With the launch of our growth factor product line, we thought it would be interesting to look back at the history of growth factors. Today we know that growth factors are a powerful tool that researchers can use to study the development of embryonic or induced pluripotent stem cells, and this is all thanks to two researchers that helped deepen our understanding of cell biology. Those two are Stanley Cohen and Rita Levi-Montalcini, who discovered Nerve Growth Factor (NGF) and Epidermal Growth Factor (EGF), and were awarded the Nobel Prize in Physiology or Medicine in 1986.

The story begins in the 1950’s in the lab of Dr. Viktor Hamburger (and yes, that is his real name) at Washington University, St. Louis. Dr. Levi-Montalcini had arrived in 1946, and was there working on an unexplained biological phenomenon (and although it is beyond the scope of this blog post, she has an incredible life story that I strongly encourage everyone read about). She had been studying nerve development in chick embryos, and had observed that if she grafted a certain tumor cell line anywhere on a developing embryo, then nerve fibers would grow very rapidly. She then discovered that even if she grafted the tumor nowhere near the area where the nerve fibers were, they would still develop more rapidly than normal embryos. In order to further study this phenomenon, she even went as far as to develop a special tissue culture system where she placed a sensory ganglion near a tumor fragment, and after only one day of growth, she could see nerve fibers extend towards the tumor. So in 1952 she inferred that there must be some kind of biochemical agent being released from these tumor cells that was capable of inducing the growth of nerve fibers from a distance. Unfortunately she was not a biochemist, so in order to find out what this agent was she enlisted the help of a one working in the Zoology department at Wash U., Dr. Stanley Cohen.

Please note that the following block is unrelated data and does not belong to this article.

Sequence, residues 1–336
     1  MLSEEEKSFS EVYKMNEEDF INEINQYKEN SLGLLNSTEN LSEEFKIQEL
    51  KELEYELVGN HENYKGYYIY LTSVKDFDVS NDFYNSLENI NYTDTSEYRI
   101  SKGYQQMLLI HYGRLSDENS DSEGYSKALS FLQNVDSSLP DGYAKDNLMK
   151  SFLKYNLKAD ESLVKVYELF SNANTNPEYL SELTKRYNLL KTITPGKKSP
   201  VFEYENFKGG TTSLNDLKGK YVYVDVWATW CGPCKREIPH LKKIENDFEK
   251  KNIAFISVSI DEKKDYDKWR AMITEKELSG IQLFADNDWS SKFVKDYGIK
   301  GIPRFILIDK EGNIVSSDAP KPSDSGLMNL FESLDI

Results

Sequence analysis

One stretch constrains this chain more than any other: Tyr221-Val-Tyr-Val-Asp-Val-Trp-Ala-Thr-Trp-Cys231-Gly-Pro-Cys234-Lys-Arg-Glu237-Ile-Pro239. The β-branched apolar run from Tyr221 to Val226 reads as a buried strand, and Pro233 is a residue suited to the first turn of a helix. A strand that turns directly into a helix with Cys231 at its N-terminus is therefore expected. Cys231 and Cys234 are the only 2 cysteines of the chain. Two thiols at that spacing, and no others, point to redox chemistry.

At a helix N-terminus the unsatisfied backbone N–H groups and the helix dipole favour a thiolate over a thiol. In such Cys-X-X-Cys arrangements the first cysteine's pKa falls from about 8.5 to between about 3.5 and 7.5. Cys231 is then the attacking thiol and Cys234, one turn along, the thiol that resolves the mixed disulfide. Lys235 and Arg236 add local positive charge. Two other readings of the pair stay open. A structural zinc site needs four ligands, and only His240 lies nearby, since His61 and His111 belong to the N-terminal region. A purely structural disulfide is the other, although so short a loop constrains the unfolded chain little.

Dr. Cohen began by making a crude extract from the tumor cells, and when he applied this extract to the ganglion he saw that it had the same effect as the live cells. He was then able to determine that the agent in the extract was probably a protein because it was affected by heat, non-dialyzable, and was inactivated by proteases. However he also wanted to make sure it wasn’t a virus that was causing this effect. This caused him to procure some crude phosphodiesterase that had been purified from snake venom, and this was where the big break came in. When the tumor cells were treated with the snake venom phosphodiesterase, the nerve growth in the ganglion was multiple times better than it had been with the tumor extract alone, and even stranger, the ganglion treated with just the phosphodiesterase showed this same growth. Through more experimentation he discovered that there was another protein in the snake venom extract causing the effect, and once purified, and in 1957 Dr. Levi-Montalcini was able to inject this protein into the yolk sac of developing embryo’s and see the same effect as the tumor cells. They named this new protein Nerve Growth Factor. Continuing their partnership and through even more research, they also discovered Epidermal Growth Factor, which could stimulate the proliferation of epithelial cells.

Although the research didn’t make a huge impact at the time it was published, it is viewed as the beginning of our understanding of growth factors and how proteins can influence cell differentiation. Its importance was also aided by the continued work of Dr. Levi-Montancini and Dr. Cohen, and it is thanks to them that we currently have the understanding that we do. Their autobiographies and more can be found on http://www.nobelprize.org/nobel_prizes/medicine/laureates/1986/. Thanks for reading, and if you have any questions about Goldbio’s line of Growth Factors, check our website or contact us at [email protected].

Levi-Montalcini, R., and Cohen, S. “In vitro and in vivo effects of a nerve growth-stimulating agent isolated from snake venom.” Proc. Natl. Acad. Sci. U. S. A. 42 (1956), 695–699

Cohen, S., and Levi-Montalcini, R. “Purification and properties of a nerve growth-promoting factor isolated from mouse sarcoma 180.” Cancer Res. 17 (1957), 15–20

Cohen S. “Origins of growth factors: NGF and EGF.” J Biol Chem. 283(49) (2008) 33793-33797

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